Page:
Of course I also think it is kind of silly just to base judgment on a players career solely based on their cumulative stats. It’s pretty clear that Ripken kept on playing well after he was still a good player, and the same may very well be true for Jeter when we look back at his career when he finally retires. Rather such players should be judged on some combination of their peak value and end of career value.

        So what I guess I am saying is this; Jeter is definitely one of the best shortstops in history, but that placing him as number 2 on that elite list may be a bit aggressive. My apologies for rambling.

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      • tom s. says:

        speaking as a cardinals fan who grew up watching ozzie do his backflips and a special penchant for criticizing tony la russa, i don’t know how royce clayton or tony la russa had any more than a marginal impact on ozzie smith’s career WAR total.

        ozzie smith was 42 in 1996 when royce clayton joined the team and, shortly thereafter, ozzie left it. till what age do you think an undisturbed ozzie would have played? 44? 45?

        in 1995, when royce clayton was still a Giant, Ozzie put up a -0.4 WAR season. in 1996, he was worth 1.3 wins in about a half-season of PAs. the best case scenario is that Ozzie might have had 2-3 more average-ish seasons left in him. the very real possibility is that age was catching up with Ozzie, and he could have put up a few more 1995-type seasons that would have HARMED his career WAR.

        i love me some Ozzie, and i love to criticize Tony, but you’re barking up the wrong tree here. i think Tony (and probably Ozzie) could have worked towards a more graceful exit for a St. Louis sports icon, but Ozzie was clearly about done. royce was certainly a comparable and probably a better shortstop in the mid-90′s, so Tony’s preference for him was hardly irrational.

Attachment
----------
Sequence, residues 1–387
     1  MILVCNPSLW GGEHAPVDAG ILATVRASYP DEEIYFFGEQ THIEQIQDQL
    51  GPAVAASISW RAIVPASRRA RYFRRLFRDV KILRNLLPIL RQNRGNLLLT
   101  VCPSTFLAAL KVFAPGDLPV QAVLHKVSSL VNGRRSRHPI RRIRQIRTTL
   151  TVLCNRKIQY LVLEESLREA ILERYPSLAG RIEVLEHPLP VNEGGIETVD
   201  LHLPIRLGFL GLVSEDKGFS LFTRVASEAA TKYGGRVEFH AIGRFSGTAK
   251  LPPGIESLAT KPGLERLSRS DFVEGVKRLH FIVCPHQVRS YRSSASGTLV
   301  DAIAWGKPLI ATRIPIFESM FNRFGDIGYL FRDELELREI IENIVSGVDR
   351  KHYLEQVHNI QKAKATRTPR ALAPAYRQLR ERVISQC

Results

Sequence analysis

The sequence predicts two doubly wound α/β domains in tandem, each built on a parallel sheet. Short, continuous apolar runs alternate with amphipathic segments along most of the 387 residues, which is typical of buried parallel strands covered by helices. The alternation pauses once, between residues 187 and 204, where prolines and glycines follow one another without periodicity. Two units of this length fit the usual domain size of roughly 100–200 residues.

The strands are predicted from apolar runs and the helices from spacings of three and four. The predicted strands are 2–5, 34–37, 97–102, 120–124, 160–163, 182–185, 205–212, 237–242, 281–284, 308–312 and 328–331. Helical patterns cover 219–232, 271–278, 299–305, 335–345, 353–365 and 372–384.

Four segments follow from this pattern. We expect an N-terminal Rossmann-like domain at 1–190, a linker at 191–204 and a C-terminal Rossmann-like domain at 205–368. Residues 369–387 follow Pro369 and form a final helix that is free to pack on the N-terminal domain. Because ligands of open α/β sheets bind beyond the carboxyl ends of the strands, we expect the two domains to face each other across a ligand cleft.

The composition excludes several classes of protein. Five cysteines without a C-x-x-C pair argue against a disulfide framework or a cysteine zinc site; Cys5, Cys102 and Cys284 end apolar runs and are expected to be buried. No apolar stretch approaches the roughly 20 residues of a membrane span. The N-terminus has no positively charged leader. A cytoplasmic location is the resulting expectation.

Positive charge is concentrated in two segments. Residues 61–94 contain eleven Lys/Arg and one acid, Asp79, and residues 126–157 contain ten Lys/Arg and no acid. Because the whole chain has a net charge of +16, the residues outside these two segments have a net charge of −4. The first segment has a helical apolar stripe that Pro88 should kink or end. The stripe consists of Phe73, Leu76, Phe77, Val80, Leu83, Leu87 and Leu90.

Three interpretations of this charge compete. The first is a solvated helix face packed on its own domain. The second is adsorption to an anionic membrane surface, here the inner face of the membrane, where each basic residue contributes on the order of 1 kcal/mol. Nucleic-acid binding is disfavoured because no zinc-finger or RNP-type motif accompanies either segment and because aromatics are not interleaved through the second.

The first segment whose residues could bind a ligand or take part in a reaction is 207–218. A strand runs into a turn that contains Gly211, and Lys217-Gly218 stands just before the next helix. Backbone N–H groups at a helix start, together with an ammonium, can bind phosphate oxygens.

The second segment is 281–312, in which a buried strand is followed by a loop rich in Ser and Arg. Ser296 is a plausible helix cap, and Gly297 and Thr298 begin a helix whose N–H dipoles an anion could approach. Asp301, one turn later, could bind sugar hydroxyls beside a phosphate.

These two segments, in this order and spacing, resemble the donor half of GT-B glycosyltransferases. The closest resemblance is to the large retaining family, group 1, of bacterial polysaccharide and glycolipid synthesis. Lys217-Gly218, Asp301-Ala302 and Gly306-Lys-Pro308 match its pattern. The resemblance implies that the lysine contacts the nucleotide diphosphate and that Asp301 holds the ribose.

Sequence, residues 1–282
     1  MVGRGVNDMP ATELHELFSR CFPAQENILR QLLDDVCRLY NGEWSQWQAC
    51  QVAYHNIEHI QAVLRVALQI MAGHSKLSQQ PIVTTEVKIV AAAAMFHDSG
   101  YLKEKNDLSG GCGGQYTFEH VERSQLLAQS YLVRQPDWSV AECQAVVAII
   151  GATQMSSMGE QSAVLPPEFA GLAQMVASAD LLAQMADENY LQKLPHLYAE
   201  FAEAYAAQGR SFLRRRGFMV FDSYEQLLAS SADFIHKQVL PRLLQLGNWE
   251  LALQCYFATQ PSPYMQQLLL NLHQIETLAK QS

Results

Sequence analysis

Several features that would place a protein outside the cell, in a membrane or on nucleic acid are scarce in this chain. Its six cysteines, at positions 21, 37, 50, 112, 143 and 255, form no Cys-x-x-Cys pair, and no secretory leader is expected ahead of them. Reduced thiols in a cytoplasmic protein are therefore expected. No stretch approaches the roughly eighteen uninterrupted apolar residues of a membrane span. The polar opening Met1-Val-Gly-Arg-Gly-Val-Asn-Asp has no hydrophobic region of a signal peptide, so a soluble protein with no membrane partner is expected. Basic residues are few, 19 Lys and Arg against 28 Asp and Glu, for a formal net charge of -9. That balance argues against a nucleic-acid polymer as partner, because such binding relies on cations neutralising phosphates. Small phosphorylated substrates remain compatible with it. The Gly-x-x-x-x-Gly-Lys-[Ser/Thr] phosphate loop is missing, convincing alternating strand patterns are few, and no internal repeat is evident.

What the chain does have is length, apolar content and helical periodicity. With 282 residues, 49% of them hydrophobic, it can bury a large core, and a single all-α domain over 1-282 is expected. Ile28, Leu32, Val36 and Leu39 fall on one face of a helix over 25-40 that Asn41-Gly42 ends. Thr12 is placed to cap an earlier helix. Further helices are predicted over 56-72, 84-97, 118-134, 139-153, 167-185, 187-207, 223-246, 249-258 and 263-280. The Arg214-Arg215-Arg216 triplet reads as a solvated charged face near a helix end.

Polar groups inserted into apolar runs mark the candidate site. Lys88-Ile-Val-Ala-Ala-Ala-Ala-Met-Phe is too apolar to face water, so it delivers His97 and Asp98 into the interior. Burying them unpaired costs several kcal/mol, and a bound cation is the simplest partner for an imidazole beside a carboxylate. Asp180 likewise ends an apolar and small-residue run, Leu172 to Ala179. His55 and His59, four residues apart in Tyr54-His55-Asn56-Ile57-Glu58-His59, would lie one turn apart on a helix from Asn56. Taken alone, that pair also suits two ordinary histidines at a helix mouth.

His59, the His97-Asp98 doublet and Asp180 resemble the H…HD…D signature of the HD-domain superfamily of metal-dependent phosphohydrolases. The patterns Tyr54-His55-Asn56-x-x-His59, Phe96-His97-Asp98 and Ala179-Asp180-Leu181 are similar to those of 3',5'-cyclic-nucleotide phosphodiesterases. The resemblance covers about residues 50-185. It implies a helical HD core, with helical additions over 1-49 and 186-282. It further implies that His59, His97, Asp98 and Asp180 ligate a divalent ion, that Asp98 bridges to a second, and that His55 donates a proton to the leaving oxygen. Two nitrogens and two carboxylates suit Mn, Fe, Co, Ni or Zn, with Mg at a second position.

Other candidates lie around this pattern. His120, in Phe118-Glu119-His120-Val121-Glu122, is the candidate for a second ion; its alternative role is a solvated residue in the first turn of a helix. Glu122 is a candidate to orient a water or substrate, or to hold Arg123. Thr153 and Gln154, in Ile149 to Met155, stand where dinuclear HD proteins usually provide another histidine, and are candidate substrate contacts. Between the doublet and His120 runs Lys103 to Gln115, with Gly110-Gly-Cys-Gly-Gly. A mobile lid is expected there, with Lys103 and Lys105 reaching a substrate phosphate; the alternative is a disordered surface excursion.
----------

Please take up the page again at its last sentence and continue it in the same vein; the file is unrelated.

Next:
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  4. JETER RULES says:

    In an age where all teams do is wait for the 3 run home run and clog up the bases, Jeter played the game the right way. 5 championships, numerous clutch plays (the flip really comes to mind), and the gritty determination to win you just don’t see in other guys with his talent level.

    He has to be in consideration for the greatest SS of all time. Definitely one of the most complete – he has the gold gloves, a career .312 batting average, the rings and now 3,000 hits. What more could you possibly ask for from your Captain?

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    • AA says:

      Joe Morgan? That you?

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      • JETER RULES says:

        I don’t know why Joe gets so much flack on here. The guy was one of the greatest 2B of all time – he knows ALOT about the game.

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      • jim says:

        AA- shut up and enjoy the moment you douche

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      • allan says:

        i did not see the word “consistent”, so i don’t think so.

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      • Anon says:

        Morgan is one of those people who cannot explain what made them so great at what they did. Johnny Miller is like this as well. Some of the stuff he says on golf broadcasts makes me wonder how the hell he shot 63 at freaking Oakmont in a US Open.